In Malaysia the social care sector is mainly managed and provided by the government, and organised by the Department of Social Welfare Malaysia (DSWM) under the Ministry of Women, Family and Community Development. Facilities and services are also provided by non-governmental, charitable and religious organisations.
There are three categories of residential care:
• Public residential homes – directly under DSWM under the Ministry of Women, Family and Community Development
• Private residential homes – managed by voluntary organization and private agencies which are profits driven
• Religious homes – privately owned and mainly derived from religious pursuit.
[IN NUMBERS GRAPHIC]
• RM 6 billion spent on the elderly in 2015, which is expected to increase to RM 33 billion in 2030.
• 10 residential homes for independent elderly, Rumah Seri Kenangan (RSK)
• 2 public nursing homes for critically ill or bedridden elderly, known as Rumah Ehsan (RE)
Non-residential care in Malaysia
Daily activity centres
Department of Social Welfare funds a non-residential type of social care known as the daily activity centre (Pusat Aktiviti Warga Emas, PAWE). The daily activity centres are run by elderly representatives of the community.
Home help services are directly supervised by DSWM. Home help services are volunteer-run, providing domiciliary social care for older people.
Current trends in Malaysian social care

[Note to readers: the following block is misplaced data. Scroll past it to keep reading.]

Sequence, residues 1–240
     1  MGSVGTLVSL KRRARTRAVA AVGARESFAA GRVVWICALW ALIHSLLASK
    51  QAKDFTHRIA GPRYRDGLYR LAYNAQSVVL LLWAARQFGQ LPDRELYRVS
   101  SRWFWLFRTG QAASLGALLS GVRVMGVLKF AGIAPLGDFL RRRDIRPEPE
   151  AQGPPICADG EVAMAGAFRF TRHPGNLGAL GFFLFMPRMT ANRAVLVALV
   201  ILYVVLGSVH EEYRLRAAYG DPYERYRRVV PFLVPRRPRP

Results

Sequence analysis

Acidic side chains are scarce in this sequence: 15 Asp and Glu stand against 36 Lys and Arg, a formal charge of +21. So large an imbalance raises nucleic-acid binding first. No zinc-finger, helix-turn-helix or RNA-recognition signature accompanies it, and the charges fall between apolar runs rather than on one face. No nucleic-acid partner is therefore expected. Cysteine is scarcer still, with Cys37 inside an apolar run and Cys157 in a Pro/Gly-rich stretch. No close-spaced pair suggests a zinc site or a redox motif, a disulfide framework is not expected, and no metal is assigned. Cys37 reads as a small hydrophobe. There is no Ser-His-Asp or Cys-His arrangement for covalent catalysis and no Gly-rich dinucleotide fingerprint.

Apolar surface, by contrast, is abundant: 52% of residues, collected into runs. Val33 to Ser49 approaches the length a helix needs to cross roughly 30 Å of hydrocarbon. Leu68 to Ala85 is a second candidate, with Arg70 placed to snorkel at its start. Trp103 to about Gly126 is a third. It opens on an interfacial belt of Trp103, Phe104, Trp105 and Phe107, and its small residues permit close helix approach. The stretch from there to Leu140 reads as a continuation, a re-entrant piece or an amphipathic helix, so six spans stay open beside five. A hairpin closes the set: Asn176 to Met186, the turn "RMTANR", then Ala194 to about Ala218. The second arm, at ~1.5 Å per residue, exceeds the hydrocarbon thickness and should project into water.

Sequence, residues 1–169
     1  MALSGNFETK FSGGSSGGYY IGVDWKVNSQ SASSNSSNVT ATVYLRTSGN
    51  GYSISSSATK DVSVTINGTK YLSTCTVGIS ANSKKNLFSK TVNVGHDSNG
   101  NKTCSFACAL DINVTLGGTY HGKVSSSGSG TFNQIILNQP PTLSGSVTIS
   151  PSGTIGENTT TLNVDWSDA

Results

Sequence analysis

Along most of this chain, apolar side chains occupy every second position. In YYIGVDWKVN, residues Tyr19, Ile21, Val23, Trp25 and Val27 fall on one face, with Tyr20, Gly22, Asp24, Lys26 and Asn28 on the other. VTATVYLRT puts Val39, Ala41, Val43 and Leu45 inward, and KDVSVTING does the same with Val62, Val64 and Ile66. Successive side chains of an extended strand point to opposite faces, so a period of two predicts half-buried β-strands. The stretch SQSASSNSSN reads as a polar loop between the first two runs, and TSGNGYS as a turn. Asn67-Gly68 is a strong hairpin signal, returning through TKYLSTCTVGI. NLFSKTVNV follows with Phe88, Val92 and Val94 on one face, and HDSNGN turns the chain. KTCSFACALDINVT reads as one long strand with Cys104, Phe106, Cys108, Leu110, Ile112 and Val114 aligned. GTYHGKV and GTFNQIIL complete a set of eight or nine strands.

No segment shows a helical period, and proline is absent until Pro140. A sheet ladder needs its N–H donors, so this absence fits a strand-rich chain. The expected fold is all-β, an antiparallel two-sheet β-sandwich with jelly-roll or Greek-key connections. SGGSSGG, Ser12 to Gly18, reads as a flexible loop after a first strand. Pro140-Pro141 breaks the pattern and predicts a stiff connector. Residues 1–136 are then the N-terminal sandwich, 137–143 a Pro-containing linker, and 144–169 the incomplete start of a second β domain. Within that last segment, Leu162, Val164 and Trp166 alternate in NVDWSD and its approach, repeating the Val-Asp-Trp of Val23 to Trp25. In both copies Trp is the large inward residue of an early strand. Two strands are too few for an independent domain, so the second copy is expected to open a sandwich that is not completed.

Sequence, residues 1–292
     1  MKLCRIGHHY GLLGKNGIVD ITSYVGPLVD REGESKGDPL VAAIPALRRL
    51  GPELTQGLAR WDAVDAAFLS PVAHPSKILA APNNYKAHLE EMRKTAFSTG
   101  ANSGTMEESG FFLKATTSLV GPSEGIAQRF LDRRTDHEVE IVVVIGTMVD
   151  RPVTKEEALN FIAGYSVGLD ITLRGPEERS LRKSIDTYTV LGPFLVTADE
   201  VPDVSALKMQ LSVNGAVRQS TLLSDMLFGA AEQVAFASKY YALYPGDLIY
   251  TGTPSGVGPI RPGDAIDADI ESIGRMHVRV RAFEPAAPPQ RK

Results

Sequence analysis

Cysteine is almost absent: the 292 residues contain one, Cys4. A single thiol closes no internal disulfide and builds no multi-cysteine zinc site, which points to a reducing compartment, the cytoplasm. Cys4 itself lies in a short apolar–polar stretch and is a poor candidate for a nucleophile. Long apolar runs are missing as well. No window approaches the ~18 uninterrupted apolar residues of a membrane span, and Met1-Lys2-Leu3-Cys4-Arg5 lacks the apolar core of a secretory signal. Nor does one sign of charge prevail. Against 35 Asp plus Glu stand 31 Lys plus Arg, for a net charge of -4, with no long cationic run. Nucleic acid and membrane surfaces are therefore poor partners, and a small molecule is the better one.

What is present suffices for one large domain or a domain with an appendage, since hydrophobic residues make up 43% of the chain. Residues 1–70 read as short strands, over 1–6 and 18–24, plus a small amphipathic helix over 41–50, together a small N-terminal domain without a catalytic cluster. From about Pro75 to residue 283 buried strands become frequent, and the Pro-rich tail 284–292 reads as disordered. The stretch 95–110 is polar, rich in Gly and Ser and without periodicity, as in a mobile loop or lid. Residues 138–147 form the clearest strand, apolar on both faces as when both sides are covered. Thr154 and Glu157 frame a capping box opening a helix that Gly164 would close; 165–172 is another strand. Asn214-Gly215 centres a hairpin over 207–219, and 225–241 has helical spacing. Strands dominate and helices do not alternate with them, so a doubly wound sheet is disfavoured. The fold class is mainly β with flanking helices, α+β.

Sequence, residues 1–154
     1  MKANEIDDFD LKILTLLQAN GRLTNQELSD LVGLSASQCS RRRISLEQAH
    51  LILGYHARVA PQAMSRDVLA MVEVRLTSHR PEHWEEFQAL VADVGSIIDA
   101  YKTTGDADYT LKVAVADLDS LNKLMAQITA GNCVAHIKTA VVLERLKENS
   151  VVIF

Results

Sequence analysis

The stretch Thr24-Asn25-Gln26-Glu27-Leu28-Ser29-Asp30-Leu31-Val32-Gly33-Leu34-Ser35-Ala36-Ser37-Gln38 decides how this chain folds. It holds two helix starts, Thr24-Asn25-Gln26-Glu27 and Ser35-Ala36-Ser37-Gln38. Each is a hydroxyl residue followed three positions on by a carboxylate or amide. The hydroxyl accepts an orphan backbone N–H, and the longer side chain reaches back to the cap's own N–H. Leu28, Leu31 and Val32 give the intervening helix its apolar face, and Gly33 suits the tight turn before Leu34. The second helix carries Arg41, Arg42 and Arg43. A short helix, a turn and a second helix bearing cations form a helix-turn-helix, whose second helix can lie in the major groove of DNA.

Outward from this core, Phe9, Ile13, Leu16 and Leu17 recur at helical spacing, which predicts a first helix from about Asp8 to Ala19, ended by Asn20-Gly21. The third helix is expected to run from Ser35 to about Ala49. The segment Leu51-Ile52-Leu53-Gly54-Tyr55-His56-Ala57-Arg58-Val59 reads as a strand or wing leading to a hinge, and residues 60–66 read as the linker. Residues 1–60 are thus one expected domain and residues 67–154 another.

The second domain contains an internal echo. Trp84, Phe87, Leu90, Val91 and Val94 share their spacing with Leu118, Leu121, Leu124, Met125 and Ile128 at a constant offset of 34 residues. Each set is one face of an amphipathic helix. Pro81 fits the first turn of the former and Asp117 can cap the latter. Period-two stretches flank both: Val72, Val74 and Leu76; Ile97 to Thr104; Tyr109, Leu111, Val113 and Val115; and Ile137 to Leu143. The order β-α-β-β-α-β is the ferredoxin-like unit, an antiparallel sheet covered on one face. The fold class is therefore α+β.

[VIDEO: With MyAgeing]
Trend 1. A move towards ‘ageing in place’
Demands are increasing on social care services in Malaysia. Independent or semi-dependent older persons are encouraged to stay in their own homes, with support from social care workers limited minimal assistance in conducting daily activities in their own place.
One of the managers of a care home that we spoke to emphasised the role of the centre for “rehabilitation and neutralisation” – and the value of continuing normal life in the community once they have recovered sufficiently. This kind of domiciliary care has been widely and aggressively implemented in many developed countries, including England.
Trend 2. A move away from a voluntary approach
The voluntary approach that was adopted by the Department of Social Welfare Malaysia to implement the Home Help Program should be revised and switched to a more effective strategy.
Older persons who are fully dependent with no family members are better served and managed in the institutional care that integrates both medical and social care services.
As the majority of older people in Malaysia are considerably cash poor, the government should also find an alternative future pathway. Possible routes include long term care insurance. This would increase the accessibility and affordability of care services for those in need.
1. Ham, C., et al., Integrated care in Northern Ireland, Scotland and Wales. 2013, King’s Fund: London.
2. Reade, N (2015). The Surprising Truth About Older Workers. AARP The Magazine. Available at https://www.aarp.org/work/job-hunting/info-07-2013/older-workers-more-valuable.html
3. Reynolds, F. A., Farrow, A., Blank, A. (2012). ‘Otherwise it would be nothing but cruises’: Exploring the subjective benefits of working beyond 65. IJAL. 7(1):79–106. doi: 10.3384/ijal.1652-8670.127179.
4. Sewdas, R., de Wind, A., van der Zwaan, L. G., van der Borg, W. E., Steenbeek, R., van der Beek, A. J., & Boot, C. R. (2017). Why older workers work beyond the retirement age: a qualitative study. BMC public health, 17(1), 672.